Author(s): Ekenze SO, AguguaObianyo NE, Odetunde OA
Abstract Share this page
Abstract BACKGROUND: Advances in paediatric oncology has tremendously improved the outcome in children with nephroblastoma. In most developing countries, however, the survival rate is still very low. OBJECTIVE: To study the outcome and the impediments to the management of nephroblastoma in Southeast Nigeria. METHODS: Analysis of 42 children managed for nephroblastoma over a 10-year period (January 1995-December 2004) at the University of Nigeria Teaching Hospital, Enugu, Nigeria is made. Diagnosis was based on clinical, radiologic and histologic evaluation. RESULTS: The peak age incidence was 2-5 years with a male:female ratio of 1.1:1. Abdominal mass was the main presentation in all the children. Treatment consisted of nephroureterectomy followed by adjuvant chemotherapy with Vincristine, Actinomycin D and Cyclophosphamide. Adriamycin was added for metastatic disease. Twenty-two children (52.3\%) had stage III disease, 13 (31.0\%) had stage IV, while the remaining seven (16.7\%) children had stage II. Stage I disease was not encountered. Seven children had inoperable tumor requiring pre-operative chemotherapy. While 25 children were available for evaluation, 17 were lost to follow up. Four children died of complications of treatment, while 11 relapsed with poor outcome. With a mean follow up of 21 months, the 5-year survival rate is 40\%. CONCLUSION: Morbidity and mortality with nephroblastoma is high in our environment. Late presentation, poverty, ignorance and poor compliance to treatment constitute a great challenge to the paediatric oncologist in a developing country. Solutions may lie in improving health funding and health information in the health care delivery system. Free health care for children with malignancy is advocated. Collaboration with institutions in the privileged parts of the world may help.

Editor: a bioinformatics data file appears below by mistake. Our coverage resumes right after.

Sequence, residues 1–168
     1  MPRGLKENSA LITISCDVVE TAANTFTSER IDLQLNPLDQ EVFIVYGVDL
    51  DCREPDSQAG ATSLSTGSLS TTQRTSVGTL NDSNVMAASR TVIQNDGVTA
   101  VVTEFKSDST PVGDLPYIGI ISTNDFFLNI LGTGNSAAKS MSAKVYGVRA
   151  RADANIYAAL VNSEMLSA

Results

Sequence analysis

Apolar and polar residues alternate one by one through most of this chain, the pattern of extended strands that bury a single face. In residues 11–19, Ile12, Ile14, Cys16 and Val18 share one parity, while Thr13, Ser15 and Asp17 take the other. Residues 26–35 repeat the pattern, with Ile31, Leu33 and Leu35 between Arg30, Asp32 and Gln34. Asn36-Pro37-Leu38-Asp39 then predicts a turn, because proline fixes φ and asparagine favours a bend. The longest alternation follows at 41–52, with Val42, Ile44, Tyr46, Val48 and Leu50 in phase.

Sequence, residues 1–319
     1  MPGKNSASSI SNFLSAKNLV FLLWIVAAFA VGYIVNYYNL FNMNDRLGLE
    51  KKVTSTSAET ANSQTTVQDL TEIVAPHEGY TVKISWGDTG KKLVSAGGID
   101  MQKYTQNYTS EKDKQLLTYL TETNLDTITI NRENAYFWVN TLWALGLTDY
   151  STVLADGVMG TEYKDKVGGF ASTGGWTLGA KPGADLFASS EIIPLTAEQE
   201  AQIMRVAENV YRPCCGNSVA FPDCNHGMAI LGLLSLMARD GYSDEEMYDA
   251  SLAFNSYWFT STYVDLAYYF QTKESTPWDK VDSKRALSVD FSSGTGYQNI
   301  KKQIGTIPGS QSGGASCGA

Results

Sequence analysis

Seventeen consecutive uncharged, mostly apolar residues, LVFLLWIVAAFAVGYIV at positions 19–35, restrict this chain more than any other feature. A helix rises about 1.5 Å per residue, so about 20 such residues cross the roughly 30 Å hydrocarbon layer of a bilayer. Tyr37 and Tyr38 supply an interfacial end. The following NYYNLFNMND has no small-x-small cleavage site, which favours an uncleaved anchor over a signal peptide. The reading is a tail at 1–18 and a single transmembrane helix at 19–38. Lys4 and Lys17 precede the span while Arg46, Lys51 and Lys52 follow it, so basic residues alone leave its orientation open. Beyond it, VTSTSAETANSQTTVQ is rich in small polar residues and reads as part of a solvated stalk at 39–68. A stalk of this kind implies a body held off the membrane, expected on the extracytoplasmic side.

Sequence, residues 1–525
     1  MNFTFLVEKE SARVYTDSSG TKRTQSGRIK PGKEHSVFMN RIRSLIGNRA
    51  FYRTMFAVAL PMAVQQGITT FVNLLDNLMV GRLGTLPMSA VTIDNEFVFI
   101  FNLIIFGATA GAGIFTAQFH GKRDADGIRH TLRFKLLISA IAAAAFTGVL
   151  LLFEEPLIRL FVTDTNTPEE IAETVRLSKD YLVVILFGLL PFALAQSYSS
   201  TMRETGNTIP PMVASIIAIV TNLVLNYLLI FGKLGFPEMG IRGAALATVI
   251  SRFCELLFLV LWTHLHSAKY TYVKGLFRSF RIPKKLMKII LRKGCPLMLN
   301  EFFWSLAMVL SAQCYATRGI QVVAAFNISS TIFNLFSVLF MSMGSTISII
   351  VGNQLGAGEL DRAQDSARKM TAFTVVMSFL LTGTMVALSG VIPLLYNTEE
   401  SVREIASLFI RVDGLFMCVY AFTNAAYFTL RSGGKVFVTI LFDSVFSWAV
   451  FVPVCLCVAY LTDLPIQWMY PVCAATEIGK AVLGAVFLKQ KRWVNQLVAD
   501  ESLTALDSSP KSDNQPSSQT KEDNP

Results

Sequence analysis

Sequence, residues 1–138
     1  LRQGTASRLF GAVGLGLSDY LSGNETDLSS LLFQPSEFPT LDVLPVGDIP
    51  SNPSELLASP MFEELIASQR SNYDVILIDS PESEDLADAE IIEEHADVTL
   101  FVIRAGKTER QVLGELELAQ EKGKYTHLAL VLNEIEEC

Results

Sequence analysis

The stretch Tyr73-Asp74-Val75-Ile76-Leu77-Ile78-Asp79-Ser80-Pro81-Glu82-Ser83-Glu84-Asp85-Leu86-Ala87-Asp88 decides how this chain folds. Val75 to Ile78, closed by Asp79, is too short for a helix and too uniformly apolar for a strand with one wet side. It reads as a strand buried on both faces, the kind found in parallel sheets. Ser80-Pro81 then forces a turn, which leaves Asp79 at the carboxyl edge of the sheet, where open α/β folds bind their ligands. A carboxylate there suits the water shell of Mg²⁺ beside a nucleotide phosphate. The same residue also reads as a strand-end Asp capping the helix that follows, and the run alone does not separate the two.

This article was published in Ann Oncol
and referenced in Journal of Clinical & Experimental Pathology